1993 to 2018, Sectional Champions

When the Panthers secured their first sectional championship in 25 years the crowd erupted in excitement. The Panthers defeated Fishers 42-7 in a blowout win. Even after the Panthers’ 42-32 loss against Warren on Friday night, many alumni are reminded of the 1993 semi-state team, the last time the Panthers won sectionals.

The 1993 team was undefeated at 13-0 before falling to Bloomington South in semi-state on a rain-filled night. This team was filled with superstars, with four Division I football players going on to play at Wisconsin, Ball State, Indiana and Michigan State. Although there are no Division I commits on the current team, there are a number of players with offers and on the brink of commiting.

There are many similarities between the two teams. One unavoidable comparison is the shoot-style offense. The shoot offense involves a 2-by-2 set up with a split end out wide and another slot or tight end-type player on the inside. This style has led both teams to be high scoring offenses.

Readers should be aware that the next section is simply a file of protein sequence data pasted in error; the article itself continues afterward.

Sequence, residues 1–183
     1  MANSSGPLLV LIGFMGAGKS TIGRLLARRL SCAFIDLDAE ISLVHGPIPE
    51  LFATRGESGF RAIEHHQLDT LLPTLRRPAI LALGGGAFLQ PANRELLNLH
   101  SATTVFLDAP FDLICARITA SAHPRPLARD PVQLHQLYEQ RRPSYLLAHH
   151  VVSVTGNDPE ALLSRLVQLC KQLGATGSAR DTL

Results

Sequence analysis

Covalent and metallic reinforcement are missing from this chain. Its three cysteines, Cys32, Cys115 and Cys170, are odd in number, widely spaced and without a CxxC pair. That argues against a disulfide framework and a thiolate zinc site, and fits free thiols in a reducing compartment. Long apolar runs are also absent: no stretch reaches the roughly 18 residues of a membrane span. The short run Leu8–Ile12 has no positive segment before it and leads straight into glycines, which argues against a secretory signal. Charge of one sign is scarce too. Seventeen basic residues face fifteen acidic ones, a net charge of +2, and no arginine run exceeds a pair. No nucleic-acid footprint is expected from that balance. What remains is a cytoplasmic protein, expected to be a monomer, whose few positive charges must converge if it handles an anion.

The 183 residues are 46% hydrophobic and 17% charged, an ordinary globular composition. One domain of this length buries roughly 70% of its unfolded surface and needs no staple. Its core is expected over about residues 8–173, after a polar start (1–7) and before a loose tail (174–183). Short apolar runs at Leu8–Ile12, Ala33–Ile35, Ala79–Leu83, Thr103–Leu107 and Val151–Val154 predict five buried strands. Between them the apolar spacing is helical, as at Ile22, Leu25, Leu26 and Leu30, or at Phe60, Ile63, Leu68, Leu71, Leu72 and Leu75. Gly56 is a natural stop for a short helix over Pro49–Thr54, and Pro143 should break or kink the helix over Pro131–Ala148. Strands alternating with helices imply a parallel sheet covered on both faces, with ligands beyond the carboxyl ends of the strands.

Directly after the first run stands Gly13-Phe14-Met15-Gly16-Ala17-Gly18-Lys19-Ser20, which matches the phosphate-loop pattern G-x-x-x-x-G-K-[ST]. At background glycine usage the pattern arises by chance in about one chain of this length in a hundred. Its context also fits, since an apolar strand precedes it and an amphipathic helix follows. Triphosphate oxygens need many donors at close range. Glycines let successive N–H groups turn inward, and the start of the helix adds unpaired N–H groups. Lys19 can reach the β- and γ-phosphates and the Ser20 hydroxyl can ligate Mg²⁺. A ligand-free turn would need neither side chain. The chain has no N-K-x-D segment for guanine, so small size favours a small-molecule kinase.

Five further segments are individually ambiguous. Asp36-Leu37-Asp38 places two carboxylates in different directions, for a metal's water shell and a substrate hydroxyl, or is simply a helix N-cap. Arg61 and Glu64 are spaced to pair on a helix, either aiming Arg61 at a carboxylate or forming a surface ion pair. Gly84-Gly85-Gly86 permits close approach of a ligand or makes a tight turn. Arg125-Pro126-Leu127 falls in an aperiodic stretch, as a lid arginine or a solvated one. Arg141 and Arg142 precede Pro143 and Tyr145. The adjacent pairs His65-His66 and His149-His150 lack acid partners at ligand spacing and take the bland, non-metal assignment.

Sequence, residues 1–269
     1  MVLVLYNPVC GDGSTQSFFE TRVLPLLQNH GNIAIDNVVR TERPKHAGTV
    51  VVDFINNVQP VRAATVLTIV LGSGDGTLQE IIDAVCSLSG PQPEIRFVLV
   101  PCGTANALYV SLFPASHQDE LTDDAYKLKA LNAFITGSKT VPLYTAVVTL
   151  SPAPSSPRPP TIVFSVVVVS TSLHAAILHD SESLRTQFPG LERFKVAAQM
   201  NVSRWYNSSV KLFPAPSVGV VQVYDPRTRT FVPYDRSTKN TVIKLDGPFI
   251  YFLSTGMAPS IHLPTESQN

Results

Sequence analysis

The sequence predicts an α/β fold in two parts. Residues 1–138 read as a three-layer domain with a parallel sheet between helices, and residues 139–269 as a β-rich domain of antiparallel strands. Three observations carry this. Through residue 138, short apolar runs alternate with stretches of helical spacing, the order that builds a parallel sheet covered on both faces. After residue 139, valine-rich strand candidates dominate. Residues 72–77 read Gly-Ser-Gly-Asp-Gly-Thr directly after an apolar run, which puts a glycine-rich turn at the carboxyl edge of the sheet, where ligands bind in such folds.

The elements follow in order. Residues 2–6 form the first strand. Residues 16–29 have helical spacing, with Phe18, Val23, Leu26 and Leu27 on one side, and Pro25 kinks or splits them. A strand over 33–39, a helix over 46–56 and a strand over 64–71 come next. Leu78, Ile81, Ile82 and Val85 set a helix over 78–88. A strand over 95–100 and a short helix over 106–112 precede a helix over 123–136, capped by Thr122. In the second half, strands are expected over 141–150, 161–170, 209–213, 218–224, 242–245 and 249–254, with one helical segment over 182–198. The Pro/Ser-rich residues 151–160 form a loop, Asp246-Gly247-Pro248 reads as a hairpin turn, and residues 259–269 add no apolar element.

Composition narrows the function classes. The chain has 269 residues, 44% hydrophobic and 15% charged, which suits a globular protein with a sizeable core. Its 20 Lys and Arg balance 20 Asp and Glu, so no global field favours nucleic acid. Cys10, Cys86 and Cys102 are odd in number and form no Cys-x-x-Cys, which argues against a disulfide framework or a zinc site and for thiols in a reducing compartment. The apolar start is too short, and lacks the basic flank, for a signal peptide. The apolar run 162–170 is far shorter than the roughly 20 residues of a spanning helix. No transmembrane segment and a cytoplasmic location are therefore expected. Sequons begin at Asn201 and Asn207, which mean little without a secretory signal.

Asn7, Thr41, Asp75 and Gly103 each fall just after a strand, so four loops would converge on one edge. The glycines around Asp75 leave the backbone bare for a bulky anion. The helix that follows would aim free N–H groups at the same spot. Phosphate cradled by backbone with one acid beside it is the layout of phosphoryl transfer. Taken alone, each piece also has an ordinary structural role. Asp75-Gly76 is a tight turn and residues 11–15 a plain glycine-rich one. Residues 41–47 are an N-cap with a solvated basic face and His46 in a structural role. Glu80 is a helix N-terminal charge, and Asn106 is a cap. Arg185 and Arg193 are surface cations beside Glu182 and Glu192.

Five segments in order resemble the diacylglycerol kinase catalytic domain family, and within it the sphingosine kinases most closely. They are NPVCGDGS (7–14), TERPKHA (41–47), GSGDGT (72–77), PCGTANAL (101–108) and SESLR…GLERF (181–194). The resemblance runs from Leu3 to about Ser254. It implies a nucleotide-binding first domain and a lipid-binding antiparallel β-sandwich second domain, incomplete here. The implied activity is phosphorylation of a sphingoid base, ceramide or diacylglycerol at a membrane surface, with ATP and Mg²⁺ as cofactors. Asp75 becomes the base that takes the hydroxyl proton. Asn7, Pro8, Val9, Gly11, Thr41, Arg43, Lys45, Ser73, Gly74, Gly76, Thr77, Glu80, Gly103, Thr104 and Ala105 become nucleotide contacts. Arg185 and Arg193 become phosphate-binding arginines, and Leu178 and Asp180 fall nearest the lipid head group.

This similarity in offenses has to do with the fact that both coaches, Kevin O’Shea and Al Harants, both went to Franklin College and were coached by Indiana Hall of Fame coach Stewart “Red” Faught.

Both teams successes are also attributed to a surplus of star players. The 2018 Panthers have stars on all sides of the ball. Six Panthers were elected to the Metropolitan Scholastic Conference all-conference team this year, and the 1993 team had plenty of studs as well.  Running backs David Mosley, Tony D and David Collins each rushed for 1,000 plus yards.

Many of these stars are still actively involved in football, some directly with North Central. Quarterback John Clippinger still returns for games occasionally. Doctor Rettig, the current team doctor, has a brother who was the center for the 1993 team, so ties with North Central football go back 25 years.

The 2018 Panthers were looking to go one step further than the last sectional champions and earn a state trophy, but they unfortunately fell short.

Connor Thompson

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